Your Bike’s Charging System – Regulator/Rectifiers

*** UPDATED JAN 2021 ***

Table of Contents

This article is broken down into sections – you can skip to them by clicking below:

Preface

How a charging system on a bike is specced out and works seems to be a really emotive topic – certainly on a par with wetsumping and engine breathing.

There are a lot of strong opinions out there – unfortunately many of them are incorrect as they have been formed over many years based on assumption, hearsay and sales spiel.

For the record, I am not a salesman – I am just a techie – I trained as an electro-mechanical engineer, before moving into electronics and communications and finally settling in computing.
I am a member of the IEEE (the Institute of Electrical and Electronics Engineers, who are the world’s largest professional association for the advancement of technology) and the IET (the Institute of Engineering and Technology who were formed when the Institute of Electrical Engineers were merged with the Institution of Incorporated Engineers in 2006). Importantly, I guess, I can drive a soldering iron and diagnose an issue rather than look it up on YouTube and declare I’m an expert. I’m not an expert, I’m learning every day!

I have never made a cent from the time I spend helping other people or from the hundreds of hours I spend documenting and drawing diagrams for our community and for individuals.

I do not sell products and am not linked to any manufacturer – any recommendation I make is based on my own research, findings and experience.

What you will find in this article is based on information I have obtained from several manufacturers, their specs, their documentation and discussions I have had with their staff. Sadly, some are no longer with us, such is the way with this industry.

Where I do share my personal opinion, it is based on my own findings either on a bike, on the bench or through helping others – so I would like to think I am quite well informed.

I have obtained information from the following, and pass on my sincere thanks for putting up with my incessant questioning:

In addition, I have used data from the following:

Hopefully these sources will help put together an interesting article, that clarifies some points.

Goal

This article sets out to provide some information around regulator/rectifier options for British bikes – where possible I have tried to break things down to make them simpler to understand, and explain terminology.

There is no information here that I haven’t presented or discussed at length across the various groups or forums before, but I guess this is the first time I have put it all in one place.

We are discussing charging systems that are built around permanent magnet alternators, so this does not cover alternators with field wound rotors or bikes that use a dynamo.

This also does not cover more modern (often Japanese) bikes where many are either using field wound rotors (so can reduce the alternator output depending on the demand) or are switching in and out additional alternator stator windings based on the power demand (just like Lucas used to do with their ET alternators on the light switch back in the early days)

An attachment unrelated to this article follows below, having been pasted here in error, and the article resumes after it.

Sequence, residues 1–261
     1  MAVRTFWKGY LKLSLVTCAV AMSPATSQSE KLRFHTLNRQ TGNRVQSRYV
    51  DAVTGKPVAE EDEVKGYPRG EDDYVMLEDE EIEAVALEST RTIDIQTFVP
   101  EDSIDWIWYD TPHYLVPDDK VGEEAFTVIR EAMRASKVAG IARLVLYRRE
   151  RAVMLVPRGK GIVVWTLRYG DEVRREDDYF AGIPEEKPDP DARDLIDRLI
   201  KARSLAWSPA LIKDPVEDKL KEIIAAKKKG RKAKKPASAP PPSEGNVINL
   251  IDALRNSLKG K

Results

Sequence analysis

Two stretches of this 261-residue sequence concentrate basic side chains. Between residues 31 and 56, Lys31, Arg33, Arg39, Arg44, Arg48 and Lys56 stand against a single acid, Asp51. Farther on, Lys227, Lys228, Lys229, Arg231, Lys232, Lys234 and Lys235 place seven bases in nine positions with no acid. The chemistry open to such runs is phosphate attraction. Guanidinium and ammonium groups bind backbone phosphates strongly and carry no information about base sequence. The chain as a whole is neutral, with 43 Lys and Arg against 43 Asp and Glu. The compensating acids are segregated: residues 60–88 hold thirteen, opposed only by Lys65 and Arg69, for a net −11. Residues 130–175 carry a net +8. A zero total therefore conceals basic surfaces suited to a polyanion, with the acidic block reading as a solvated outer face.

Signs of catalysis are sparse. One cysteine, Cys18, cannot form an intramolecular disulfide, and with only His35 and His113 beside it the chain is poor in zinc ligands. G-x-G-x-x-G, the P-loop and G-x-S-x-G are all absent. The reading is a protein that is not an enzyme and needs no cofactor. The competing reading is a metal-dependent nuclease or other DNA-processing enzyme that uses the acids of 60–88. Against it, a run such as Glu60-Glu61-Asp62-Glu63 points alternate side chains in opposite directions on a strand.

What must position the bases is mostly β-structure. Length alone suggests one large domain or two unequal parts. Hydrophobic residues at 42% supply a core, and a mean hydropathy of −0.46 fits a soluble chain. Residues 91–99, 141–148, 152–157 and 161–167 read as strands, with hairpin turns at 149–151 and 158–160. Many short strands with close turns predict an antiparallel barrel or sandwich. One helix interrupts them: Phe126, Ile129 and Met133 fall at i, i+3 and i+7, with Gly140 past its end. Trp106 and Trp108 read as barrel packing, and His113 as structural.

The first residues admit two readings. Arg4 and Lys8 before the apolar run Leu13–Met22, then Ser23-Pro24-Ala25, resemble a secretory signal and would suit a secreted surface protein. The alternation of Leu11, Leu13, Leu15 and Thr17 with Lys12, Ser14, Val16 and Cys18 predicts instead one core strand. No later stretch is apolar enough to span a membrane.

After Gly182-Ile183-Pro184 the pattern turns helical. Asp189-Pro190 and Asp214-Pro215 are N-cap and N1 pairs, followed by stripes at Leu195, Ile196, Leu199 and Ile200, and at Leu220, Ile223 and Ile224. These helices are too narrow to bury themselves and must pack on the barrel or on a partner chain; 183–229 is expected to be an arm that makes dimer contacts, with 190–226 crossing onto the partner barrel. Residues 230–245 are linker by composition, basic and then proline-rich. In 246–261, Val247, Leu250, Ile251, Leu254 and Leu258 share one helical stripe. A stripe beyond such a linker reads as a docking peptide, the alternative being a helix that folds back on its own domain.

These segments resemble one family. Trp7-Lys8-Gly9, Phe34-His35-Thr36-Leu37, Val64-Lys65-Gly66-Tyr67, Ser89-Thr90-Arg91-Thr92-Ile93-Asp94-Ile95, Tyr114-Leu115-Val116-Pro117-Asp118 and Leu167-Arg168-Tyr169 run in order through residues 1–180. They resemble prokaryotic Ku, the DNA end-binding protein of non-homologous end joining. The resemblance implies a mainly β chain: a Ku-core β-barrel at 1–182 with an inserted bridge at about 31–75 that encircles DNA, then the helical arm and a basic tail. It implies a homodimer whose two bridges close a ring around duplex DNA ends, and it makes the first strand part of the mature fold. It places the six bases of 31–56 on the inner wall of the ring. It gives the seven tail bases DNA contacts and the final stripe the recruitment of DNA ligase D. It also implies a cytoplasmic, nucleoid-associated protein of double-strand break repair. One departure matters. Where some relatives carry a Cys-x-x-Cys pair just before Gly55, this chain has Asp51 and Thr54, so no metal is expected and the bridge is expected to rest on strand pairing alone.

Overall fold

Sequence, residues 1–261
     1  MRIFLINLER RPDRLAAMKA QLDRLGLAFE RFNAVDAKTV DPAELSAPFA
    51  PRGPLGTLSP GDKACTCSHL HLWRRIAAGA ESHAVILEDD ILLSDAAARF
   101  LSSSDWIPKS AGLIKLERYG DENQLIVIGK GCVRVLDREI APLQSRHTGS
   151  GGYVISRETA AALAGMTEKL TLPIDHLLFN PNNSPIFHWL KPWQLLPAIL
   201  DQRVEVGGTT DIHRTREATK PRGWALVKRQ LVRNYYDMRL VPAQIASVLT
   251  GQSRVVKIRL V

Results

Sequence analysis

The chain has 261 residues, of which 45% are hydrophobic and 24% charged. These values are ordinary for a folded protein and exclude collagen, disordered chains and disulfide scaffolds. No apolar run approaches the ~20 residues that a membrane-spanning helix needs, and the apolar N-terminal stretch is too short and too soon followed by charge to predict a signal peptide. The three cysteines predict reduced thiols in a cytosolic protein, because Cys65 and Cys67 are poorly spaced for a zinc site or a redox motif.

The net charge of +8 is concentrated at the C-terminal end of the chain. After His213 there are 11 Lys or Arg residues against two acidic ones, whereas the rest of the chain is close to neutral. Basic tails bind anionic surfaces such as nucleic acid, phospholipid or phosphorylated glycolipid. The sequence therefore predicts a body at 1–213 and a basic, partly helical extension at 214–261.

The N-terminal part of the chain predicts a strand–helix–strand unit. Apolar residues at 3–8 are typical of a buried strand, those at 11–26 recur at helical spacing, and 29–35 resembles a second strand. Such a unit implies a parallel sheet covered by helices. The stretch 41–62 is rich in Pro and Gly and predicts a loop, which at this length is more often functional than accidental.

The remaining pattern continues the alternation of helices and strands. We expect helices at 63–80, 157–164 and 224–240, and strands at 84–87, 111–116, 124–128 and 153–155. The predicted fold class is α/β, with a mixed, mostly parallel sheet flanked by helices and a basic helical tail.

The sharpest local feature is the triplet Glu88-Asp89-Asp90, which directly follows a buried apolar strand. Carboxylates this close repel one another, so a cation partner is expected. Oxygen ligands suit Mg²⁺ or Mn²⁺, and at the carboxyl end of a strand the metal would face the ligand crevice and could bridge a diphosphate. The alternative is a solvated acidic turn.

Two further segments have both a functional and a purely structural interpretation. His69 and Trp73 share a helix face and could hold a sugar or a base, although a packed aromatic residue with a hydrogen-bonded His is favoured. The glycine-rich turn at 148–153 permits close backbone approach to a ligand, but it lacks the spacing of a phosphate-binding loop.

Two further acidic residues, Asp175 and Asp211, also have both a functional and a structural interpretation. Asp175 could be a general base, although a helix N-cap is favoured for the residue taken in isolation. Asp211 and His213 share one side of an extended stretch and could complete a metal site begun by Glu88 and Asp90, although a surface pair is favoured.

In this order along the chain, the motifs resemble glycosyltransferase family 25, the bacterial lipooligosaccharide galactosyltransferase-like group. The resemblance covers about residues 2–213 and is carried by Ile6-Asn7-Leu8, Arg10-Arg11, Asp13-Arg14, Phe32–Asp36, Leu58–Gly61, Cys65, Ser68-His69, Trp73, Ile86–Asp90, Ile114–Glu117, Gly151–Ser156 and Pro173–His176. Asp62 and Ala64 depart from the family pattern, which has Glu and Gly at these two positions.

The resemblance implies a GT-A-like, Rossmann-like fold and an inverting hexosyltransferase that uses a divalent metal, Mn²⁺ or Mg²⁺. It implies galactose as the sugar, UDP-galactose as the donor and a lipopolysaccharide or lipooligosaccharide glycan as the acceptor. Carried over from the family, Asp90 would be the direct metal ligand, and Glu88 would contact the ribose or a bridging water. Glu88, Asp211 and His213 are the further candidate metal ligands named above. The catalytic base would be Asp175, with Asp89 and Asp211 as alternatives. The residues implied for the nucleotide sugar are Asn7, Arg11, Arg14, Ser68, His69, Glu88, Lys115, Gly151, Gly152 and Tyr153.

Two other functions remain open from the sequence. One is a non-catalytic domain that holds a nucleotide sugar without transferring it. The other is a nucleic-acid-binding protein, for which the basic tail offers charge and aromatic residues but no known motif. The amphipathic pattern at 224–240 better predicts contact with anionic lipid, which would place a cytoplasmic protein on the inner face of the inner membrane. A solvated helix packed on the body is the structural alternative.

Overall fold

The article is quite lengthy, but my guess is that most people will want to skip to the diagrams.

My drawings of regulator/rectifiers shows how the regulator and rectifier circuits work and how the components are configured to perform those functions.

The ‘control circuit’ that I reference in some diagrams will vary from one manufacturer to another, and also over different periods of time. This can range from a simple zener diode (in the case of something like a Tympanium, to quite an advanced integrated circuit in the case of the latest and greatest MOSFET designs.

Different manufacturers will use slightly different chips, some will use resistors and capacitors, others have RFI chokes to help with interference (some don’t but maybe should have) and some even have thermal protection circuits integrated.

In addition, some manufacturers offer units with a larger capacitor integrated into the unit, to allow a battery to be eliminated from a bike if you wish.

More Power Back Then

Most brit bikes of the era used the Lucas RM21 10-amp single phase alternator stator.

Grant Tiller

The majority of coil ignition bikes of the time consumed about the same amount of power, so this was a good fit in most scenarios – I will cover power, load and consumption in more detail further in to this article.

However, when bikes with Electric Starters started popping up, it was clear that a more powerful charging system was required.

It is worth mentioning a couple of higher power systems from the time:

MK3 Commando

The MK3 Commando had electric start, and with the starter solenoid using 3 amps and the Prestolite starter motor peaking at 250 amps, it meant that the charging system was in desperate need of uprating, otherwise you’d never fully recharge your depleted battery during the course of your ride.

So, the new and improved RM23 16-amp single phase stator was fitted (which Norton said in the factory manual produces 15 amps at 6,000rpm, but was 14.4 amps according to Lucas)

This was an interesting implementation, as Lucas were already running the zener diode very, very close to it’s maximum rating (100 watts) which meant that they needed to do something different for the MK3

The solution was to downgrade the rectifier to a half wave one LU49181 (2DV406)

Grant Tiller